WASHINGTON – President Barack Obama made a rare Sunday visit to the Capitol to urge a fractious Democratic caucus to pull together to pass landmark health care legislation.
Obama made no mention of a government-run insurance plan, abortion or other key issues that lawmakers are attempting to resolve in closed-door meetings.
Instead, he used the 45-minute session to stress the Senate’s “historic opportunity to provide stability and security for those who have insurance, affordable coverage for those who don’t, and bring down the cost of health care for families, small businesses and the government,” White House spokesman Bill Burton said in a statement.
Senate Majority Leader Harry Reid, D-Nev., told reporters after the meeting that negotiators were inching toward consensus on the public option. He said he still aims to hold a final vote on the $848 billion package before the chamber adjourns for the Christmas break.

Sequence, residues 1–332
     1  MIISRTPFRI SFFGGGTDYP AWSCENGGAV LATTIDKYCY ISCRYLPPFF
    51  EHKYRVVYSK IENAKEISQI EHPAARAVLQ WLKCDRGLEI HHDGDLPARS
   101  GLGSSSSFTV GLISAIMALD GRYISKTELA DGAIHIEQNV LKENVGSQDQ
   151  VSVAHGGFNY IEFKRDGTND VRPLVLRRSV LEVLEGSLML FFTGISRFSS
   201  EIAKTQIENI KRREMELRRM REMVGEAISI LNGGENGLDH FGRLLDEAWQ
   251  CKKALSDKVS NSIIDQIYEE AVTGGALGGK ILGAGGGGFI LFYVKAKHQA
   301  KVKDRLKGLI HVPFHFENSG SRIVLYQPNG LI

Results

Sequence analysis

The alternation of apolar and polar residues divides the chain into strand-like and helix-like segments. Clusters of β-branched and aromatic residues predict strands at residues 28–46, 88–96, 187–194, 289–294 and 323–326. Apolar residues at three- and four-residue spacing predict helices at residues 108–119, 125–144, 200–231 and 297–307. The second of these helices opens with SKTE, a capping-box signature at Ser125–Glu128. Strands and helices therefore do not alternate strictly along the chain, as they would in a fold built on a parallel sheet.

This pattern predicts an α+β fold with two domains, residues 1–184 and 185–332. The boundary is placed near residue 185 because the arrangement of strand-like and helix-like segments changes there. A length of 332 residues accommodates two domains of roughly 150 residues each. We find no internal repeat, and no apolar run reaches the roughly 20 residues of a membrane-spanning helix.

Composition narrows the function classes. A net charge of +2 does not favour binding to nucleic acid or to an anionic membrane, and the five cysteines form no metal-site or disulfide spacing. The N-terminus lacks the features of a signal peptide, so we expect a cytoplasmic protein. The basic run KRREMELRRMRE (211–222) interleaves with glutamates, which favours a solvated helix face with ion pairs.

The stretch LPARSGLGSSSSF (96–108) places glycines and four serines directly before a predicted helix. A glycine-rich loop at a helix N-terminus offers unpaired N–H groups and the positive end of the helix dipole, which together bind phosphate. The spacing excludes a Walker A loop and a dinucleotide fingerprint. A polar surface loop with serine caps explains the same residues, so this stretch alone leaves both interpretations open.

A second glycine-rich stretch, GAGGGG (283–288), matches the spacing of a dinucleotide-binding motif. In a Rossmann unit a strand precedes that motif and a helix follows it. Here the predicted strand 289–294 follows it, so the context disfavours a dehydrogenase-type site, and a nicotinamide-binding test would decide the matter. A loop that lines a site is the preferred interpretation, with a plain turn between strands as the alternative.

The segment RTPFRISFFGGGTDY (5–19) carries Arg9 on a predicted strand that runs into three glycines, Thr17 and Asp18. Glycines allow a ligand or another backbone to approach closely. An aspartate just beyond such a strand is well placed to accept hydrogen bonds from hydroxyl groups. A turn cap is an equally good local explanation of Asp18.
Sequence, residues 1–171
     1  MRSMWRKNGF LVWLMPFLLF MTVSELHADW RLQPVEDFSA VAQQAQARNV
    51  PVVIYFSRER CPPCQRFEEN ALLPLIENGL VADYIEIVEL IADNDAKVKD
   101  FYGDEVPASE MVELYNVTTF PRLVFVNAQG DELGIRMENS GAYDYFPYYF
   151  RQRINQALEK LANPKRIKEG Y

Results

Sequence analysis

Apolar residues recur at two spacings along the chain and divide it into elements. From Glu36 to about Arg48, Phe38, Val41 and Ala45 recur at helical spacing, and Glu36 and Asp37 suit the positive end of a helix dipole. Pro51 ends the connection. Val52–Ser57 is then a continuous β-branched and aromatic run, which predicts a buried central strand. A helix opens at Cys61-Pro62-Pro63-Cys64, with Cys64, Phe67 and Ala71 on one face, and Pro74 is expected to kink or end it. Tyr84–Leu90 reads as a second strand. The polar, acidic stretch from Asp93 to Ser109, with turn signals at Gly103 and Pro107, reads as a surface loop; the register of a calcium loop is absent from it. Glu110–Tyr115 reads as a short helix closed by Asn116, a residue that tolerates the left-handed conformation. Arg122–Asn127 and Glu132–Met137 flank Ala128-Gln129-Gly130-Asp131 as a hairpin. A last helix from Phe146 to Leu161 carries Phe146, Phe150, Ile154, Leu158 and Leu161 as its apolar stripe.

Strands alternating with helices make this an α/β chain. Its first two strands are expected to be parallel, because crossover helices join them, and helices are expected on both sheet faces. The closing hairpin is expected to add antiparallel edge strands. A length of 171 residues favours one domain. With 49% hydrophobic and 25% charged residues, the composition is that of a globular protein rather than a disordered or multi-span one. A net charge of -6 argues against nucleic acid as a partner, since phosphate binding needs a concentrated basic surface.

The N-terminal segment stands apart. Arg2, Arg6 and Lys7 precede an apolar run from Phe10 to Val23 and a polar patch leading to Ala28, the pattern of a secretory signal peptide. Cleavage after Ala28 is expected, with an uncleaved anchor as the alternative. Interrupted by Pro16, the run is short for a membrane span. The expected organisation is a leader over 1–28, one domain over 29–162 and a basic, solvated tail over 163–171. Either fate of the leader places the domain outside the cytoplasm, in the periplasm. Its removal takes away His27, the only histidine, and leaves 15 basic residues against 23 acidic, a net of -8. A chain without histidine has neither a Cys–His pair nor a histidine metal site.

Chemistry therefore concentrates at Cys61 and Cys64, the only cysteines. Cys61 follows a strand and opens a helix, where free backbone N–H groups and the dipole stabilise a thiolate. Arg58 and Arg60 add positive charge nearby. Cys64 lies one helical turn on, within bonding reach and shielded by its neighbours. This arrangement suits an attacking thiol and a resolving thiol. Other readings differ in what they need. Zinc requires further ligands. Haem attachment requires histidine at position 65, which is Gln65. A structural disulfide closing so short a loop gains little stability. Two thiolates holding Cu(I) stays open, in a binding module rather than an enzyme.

“There are still a few things we need to work out in the bill, but the issues are being narrowed as we speak,” he said. “Progress is being made, and that’s not just talk.”
After working through the weekend, the Senate will reconvene today for an eighth day of debate and potentially the first controversial amendment, addressing the issue of abortion coverage. After the abortion vote, expected today or Tuesday, the Senate could tackle another high-profile amendment: a bipartisan bid to allow the importation of prescription drugs from Canada and other countries.
Meanwhile, 10 moderate and progressive Democrats tapped by Reid are expected to continue daily meetings aimed at reaching a compromise on the public option, along with improving small-business provisions in the bill.
One potential alternative being discussed Sunday would create a national coverage plan operated by private insurers but run by the Office of Personnel Management, which administers health coverage for federal workers.